After dropping to a low of just 4% on June 16, 2020, the city-wide positive rate slowly rose in late June and early July. [1] By July 12, 2020, the city-wide positive rate had inched up to 7%, indicating that cases were again on the rise. [1] On July 14, 2020, Mayor Jim Kenney announced a moratorium on all large public events through February 28, 2021. [21] The moratorium would cancel all public festivals, carnivals, fairs, parades, concerts and flea markets that draw crowds over 50 people, affecting events such as the 6abc Dunkin' Thanksgiving Day Parade, the Philadelphia Marathon, and the Mummers Parade. [21] Events such as the AIDS Walk Philly and the Gay Bingo fund raising event were cancelled, losing up to $100,000 in revenue. Philadelphia leaders formed the PHL COVID-19 Fund to assist non-profits. It has generated over $12 million. [22]

Two block parties, one in Lawncrest and one in Allegheny West, were stopped by local police officers on the night of July 25, 2020, in an effort to stop viral transmission. [23] On July 28, 2020, with COVID-19 continuing to mount, the School District of Philadelphia announced that students will only receive online instruction through November 17, 2020, [24]

By late summer of 2020, Brewerytown, the neighborhood encompassing parts of Temple University, quickly emerged as the city's new hotspot for COVID-19 with a positivity rate nearly twice that of the overall city rate. [1] On August 30, 2020, Temple University reverted to online instruction after 103 people tested positive. Contact tracing linked the outbreak to off-campus apartments and small social gatherings. [25] On September 3, 2020, Temple University announced classes would be held online for the remainder of the fall semester. [26] Following Temple University's closure, the infection rates in Brewerytown and surrounding North Philadelphia neighborhoods declined substantially. [1]

On October 13, 2020, the city raised the gathering limits for both indoor and outdoor venues, which had previously been capped at 25 people for indoor venues and 250 people for outdoor venues. Indoor venues will be allowed no more than 10 percent of total occupancy up to 250 people; while outdoor venues will be allowed no more than 20 percent of total occupancy for venues with a maximum occupancy less than 2,000 people and no more than 15 percent of total occupancy up to 7,500 people for venues with a maximum occupancy greater than 2,000 people. The increase in gathering limits allowed for fans at Lincoln Financial Field for Philadelphia Eagles games, with 7,500 fans allowed to attend Eagles games starting with the October 18, 2020 game against the Baltimore Ravens. [27]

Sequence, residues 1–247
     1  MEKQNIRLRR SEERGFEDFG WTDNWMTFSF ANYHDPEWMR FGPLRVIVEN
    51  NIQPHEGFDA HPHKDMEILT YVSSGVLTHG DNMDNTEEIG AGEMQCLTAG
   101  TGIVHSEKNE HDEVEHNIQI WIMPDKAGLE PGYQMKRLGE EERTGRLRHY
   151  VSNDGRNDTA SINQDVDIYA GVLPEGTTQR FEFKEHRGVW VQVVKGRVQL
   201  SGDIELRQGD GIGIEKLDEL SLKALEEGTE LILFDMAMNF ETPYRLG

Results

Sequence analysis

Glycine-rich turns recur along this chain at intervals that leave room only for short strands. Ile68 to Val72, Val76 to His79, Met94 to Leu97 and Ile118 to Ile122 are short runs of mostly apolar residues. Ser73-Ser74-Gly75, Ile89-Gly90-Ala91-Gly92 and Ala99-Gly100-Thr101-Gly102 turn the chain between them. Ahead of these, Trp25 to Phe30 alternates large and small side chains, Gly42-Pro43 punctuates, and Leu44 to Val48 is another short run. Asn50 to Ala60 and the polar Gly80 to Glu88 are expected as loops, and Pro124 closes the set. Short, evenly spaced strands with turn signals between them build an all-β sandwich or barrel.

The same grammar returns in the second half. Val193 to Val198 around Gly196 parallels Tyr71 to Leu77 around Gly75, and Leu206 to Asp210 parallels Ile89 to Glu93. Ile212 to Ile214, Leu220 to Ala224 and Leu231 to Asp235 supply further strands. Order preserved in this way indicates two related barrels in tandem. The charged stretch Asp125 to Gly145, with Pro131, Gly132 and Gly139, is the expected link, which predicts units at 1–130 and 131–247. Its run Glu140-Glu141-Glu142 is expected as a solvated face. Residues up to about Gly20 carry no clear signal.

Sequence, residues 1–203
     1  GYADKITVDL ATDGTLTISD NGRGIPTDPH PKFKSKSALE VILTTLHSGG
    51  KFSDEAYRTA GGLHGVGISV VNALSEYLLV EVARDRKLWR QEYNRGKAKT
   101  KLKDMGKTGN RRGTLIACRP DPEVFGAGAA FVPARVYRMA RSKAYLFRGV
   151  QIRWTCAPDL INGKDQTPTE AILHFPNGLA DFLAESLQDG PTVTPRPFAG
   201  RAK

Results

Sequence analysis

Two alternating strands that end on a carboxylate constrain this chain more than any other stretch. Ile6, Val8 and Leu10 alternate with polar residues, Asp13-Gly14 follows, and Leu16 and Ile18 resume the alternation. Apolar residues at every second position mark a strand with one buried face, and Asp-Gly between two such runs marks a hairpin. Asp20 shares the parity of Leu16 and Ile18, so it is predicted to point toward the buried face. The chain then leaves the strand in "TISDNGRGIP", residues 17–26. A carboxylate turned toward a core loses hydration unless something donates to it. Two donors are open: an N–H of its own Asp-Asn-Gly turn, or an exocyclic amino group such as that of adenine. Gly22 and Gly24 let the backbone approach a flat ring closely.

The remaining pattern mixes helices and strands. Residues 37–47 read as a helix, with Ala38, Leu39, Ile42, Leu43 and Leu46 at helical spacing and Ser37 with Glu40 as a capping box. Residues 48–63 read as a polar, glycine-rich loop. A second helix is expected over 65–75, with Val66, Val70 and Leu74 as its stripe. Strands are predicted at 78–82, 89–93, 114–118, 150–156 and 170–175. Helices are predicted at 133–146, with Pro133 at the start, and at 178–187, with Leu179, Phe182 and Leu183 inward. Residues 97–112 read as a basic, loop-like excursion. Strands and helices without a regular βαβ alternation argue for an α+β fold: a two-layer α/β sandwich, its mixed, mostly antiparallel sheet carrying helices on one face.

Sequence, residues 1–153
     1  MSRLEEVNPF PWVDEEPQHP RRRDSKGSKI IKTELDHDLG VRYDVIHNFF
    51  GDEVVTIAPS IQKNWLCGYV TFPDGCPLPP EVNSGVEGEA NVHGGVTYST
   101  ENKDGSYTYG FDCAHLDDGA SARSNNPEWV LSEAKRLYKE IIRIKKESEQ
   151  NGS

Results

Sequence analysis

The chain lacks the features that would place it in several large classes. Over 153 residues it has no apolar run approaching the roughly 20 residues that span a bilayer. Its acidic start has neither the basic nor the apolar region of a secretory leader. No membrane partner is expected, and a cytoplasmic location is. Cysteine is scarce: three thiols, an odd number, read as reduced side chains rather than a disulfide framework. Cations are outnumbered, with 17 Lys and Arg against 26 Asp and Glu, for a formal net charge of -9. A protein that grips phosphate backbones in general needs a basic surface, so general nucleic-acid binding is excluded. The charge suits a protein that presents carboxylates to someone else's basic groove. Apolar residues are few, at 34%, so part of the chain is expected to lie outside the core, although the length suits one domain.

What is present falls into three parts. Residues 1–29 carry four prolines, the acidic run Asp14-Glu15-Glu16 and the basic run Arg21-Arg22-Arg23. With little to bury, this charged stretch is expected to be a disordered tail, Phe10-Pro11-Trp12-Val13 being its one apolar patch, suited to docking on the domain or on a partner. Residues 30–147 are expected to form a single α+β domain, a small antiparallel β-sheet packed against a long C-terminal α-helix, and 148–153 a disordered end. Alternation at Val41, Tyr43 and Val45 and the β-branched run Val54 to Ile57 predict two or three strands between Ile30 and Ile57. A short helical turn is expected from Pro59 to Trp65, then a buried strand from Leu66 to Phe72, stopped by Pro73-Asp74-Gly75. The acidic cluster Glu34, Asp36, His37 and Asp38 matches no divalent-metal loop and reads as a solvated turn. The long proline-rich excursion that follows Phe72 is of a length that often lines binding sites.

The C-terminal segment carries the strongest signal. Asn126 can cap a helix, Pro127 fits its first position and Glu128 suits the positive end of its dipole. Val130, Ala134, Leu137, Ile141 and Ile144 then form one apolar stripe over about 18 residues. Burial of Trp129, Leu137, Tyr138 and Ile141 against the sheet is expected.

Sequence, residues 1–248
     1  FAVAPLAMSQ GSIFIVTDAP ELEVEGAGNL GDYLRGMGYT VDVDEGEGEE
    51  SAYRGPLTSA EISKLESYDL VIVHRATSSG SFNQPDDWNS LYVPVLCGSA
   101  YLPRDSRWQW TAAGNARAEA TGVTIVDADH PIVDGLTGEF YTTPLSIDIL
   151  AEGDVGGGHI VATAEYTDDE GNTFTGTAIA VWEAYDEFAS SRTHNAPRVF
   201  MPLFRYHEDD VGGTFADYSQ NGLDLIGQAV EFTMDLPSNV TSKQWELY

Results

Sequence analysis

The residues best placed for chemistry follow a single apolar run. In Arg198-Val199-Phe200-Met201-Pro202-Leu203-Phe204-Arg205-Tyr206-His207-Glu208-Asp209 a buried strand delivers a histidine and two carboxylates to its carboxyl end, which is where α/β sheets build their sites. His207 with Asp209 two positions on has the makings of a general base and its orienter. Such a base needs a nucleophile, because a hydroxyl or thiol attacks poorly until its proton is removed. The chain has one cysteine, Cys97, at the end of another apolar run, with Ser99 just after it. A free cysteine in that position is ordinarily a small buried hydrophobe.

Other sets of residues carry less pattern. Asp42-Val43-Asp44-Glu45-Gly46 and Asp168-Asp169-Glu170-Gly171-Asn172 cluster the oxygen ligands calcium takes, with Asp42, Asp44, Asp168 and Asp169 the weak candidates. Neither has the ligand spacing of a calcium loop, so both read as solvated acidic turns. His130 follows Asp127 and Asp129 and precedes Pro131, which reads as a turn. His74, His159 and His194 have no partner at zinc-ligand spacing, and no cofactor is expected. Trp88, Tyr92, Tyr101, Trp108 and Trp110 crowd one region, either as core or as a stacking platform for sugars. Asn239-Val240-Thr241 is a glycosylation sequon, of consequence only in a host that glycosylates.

On November 10, 2020, the School District of Philadelphia, which started the school year with all-virtual learning, delayed plans to return some students to hybrid learning due to an increase in cases. [28] On November 16, 2020, the city announced new restrictions due to a surge in cases, which are in place from November 20, 2020 until January 1, 2021. The restrictions include no indoor dining at restaurants, capacity limits at retail stores and religious institutions, telework for office workers required unless it is not possible, a ban on indoor gatherings of any size, outdoor gatherings limited to 10 percent occupancy with a cap of 2,000 people, and no youth or school sports. Colleges, universities, and high schools are only allowed to offer online classes while elementary and middle schools are allowed in-person instruction following health guidelines. In addition, theaters, bowling alleys, casinos, gyms, museums, and libraries are ordered to be closed during this time. [29] On December 22, 2020, the city announced the restrictions on indoor dining, indoor gatherings, theaters, colleges, and indoor organized sports would continue until January 15, 2021 due to an anticipated rise in cases following the Christmas and New Year's holidays. The city lifted restrictions on casinos, museums, outdoor sports, gyms, in-person learning at high schools, and outdoor catered events on January 4, 2021 as cases did not rise more than anticipated. [30] [31]